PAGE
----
OSHA/NIOSH Interim Guidance (February 2006)
Chemical - Biological - Radiological - Nuclear (CBRN) Personal Protective Equipment Selection Matrix for Emergency Responders
Blister Agents or vesicants are chemicals which have severely irritating properties and can produce irritated and reddened skin with progression to blisters, swelling and inflammation of tissues surrounding the eyes with progression to light sensitivity and lacrimation. High concentrations of vapor or direct liquid exposures to the eye can cause damage to the eye surface. Warm, moist tissues are most susceptible to damage and the tissues of the upper respiratory tract can also be affected. Symptoms of exposure may be delayed until hours or days after exposure depending on the magnitude of the absorbed dose. The major chemical warfare agents in this category are sulfur mustard, nitrogen mustard and Lewisite.
Personal Protective Equipment
The recommendations for personal protective equipment (PPE) should be based on a site-based job hazard analysis of possible hazards including skin contact, air concentrations, heat stress, etc. All PPE should be used with appropriate additional administrative controls including medical surveillance, employee training, respirator fit-testing, and decontamination procedures to limit the potential for unforeseen adverse effects.
There are no current OSHA Permissible Exposure Limits (PELs) for exposure to blister agents. The National Research Council and EPA have published airborne limits to various agents called Acute Exposure Guideline Levels (AEGLs) to characterize the risk to the general population during a one-time accident and emergency scenario with time limits not to exceed 8 hours of exposure. For emergency responders and support personnel to a blister agent event, it seems appropriate to establish a target exposure limit at time weighted averages less than the lowest recommended AEGL-1 level for a given exposure duration. The AEGL-1 tier is the mildest effect category above which the general population, including susceptible individuals, could experience noticeable eye discomfort, irritation, or non-sensory effects. However, the effects are not disabling and are reversible upon cessation of exposure. The AEGL-1 and AEGL-2 values are based upon direct vapor exposure to the human eye and tissues surround the eye (conjunctiva), which are considered the most sensitive organ/tissue for blister agent vapor exposure effects by the National Research Council and the National Academy of Sciences. The CDC has made recommendations for worker exposure limits dealing with routine work processes such as demilitarization and transportation. Note: The CDC/NCEH worker exposure limits do not specifically include storage. These exposure standards may be substituted for work extending beyond the 8-hour AEGL limit if deemed appropriate after an incident.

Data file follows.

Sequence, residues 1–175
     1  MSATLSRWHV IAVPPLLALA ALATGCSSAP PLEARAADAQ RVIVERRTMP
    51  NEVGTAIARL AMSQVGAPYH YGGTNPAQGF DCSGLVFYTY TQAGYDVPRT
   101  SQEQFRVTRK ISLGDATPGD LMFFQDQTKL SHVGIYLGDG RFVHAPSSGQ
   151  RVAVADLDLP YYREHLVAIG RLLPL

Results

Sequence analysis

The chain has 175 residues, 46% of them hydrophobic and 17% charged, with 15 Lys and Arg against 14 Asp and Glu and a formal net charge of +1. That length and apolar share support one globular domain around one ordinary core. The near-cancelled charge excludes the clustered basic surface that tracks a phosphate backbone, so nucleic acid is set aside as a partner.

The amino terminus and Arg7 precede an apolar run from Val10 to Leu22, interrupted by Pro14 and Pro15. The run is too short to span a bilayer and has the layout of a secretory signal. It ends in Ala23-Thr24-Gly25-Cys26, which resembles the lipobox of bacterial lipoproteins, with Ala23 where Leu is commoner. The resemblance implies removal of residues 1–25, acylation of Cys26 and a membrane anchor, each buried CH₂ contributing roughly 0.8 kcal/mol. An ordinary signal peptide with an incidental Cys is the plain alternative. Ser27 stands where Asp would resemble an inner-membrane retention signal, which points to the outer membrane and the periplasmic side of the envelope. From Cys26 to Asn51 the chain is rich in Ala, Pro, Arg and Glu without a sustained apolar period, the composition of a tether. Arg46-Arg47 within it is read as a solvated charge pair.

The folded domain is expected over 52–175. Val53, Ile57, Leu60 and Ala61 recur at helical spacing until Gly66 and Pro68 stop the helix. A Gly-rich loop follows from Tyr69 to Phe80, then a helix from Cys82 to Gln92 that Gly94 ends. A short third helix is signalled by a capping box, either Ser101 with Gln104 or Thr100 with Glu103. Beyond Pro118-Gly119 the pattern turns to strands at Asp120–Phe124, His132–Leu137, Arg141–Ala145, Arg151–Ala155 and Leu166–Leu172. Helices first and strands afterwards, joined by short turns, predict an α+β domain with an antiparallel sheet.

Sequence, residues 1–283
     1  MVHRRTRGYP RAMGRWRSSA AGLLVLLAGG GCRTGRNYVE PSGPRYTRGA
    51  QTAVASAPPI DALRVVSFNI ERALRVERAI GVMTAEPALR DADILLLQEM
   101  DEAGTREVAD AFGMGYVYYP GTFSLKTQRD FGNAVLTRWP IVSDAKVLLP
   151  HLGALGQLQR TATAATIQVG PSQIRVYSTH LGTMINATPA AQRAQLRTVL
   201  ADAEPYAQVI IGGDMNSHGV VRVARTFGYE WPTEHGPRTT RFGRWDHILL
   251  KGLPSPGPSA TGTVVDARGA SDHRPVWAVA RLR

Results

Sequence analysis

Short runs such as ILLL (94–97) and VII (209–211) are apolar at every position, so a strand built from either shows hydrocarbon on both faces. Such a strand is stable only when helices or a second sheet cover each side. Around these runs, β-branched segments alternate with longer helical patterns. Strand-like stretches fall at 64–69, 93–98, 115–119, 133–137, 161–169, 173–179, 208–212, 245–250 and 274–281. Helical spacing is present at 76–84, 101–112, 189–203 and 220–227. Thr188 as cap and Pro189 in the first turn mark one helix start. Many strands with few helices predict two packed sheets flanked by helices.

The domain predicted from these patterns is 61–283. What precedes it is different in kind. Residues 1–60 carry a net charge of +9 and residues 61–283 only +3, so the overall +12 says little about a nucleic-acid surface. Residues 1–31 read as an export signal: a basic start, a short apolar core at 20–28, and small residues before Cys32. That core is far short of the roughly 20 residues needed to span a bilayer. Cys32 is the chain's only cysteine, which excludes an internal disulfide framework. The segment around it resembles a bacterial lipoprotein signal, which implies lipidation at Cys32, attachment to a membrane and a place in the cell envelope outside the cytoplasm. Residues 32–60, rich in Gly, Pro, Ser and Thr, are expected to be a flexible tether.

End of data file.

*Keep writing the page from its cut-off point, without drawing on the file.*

The PPE ensemble selected depends on the level of knowledge available regarding the chemical agent. Respirators chosen initially for responders into a known release area should be a positive pressure self-contained breathing apparatus (SCBA) with a Level A protective suit until monitoring results allow for other decisions. OSHA would generally require these respirators to be NIOSH-certified CBRN SCBA respirators for use by employees. Some chemical warfare agents have been shown to seriously degrade and damage some respirators. Respiratory protection specifically approved by NIOSH for CBRN exposures is highly desirable but where not available, the incident commander may allow alternative suitable respirators during emergency operations. These are, depending on exposure levels, other NIOSH approved SCBAs or full-face air purifying respirators, which have been specifically tested by the manufacturer as effective against chemical warfare agents. Respirators other than SCBAs may be selected based upon accurate monitoring results with appropriate limits of detection for the subject agent. When conditions have been determined to be appropriate for the use of air purifying respirators, a NIOSH-approved CBRN APR Full Facepiece Air Purifying Respirator (APR) with a CBRN Canister, or a Chemical Warfare Agents (CWA) tested full facepiece APR with a combination organic vapor/acid gas/particulate canister may be used. A list of CBRN approved SCBA and APR may be obtained from the NIOSH website - APR or SCBA.
The requirements for skin protection from above the AEGL-1 but below the AEGL-2 should be focused initially on reducing the potential for contact with liquid agent residue. As airborne exposure rises above the AEGL-2 level, the potential for significant vapor absorption through the skin is possible and exposed skin should be minimized with the use of chemically protective clothing, preferably vapor tight encapsulating suits. Above AEGL-3, the incidence and severity of skin burns will increase and the use of encapsulating suits should be mandatory.
The tables below consolidate some information relating to AEGL exposure levels and the relative protection provided by certain types of respirators and clothing. These limits are for planning purposes and are not recommendations for particular work schedules. Any work schedules should be reviewed by a competent occupational health professional skilled in use of exposure limits and PPE. All air purifying respirators require a change schedule for cartridges or canisters not to exceed the maximum eight-hour exposure covered by the AEGLs.
Summary of CDC and U.S. Army Airborne Exposure Limits
|Airborne Exposure Limits||Maximum Time of Exposure||Concentration of Sulfur Mustard (HD) mg/m3||Concentration of Lewisite (L)
(Immediately Dangerous to Life/Health)
|one time exposure||0.7a,b||N/A|
(Short-Term Exposure Limit)
|15-minute exposure, limited to one occurrence per day||0.003a,b
(Worker Population Limit)
|Time-weighted average (TWA) for 8 hr/day, 5 days/wk||0.0004a,b
(General Population Limit)
|Time-weighted average (TWA) for 24 hr/day,7 days/wk, lifetime||0.00002a,b
Personal Protective Equipment (PPE) Selection Guide for Emergency/
Accident Responses Based Upon EPA's Acute Exposure Guideline Levels
One Time Emergency Exposure Not to Exceed 8 hours Total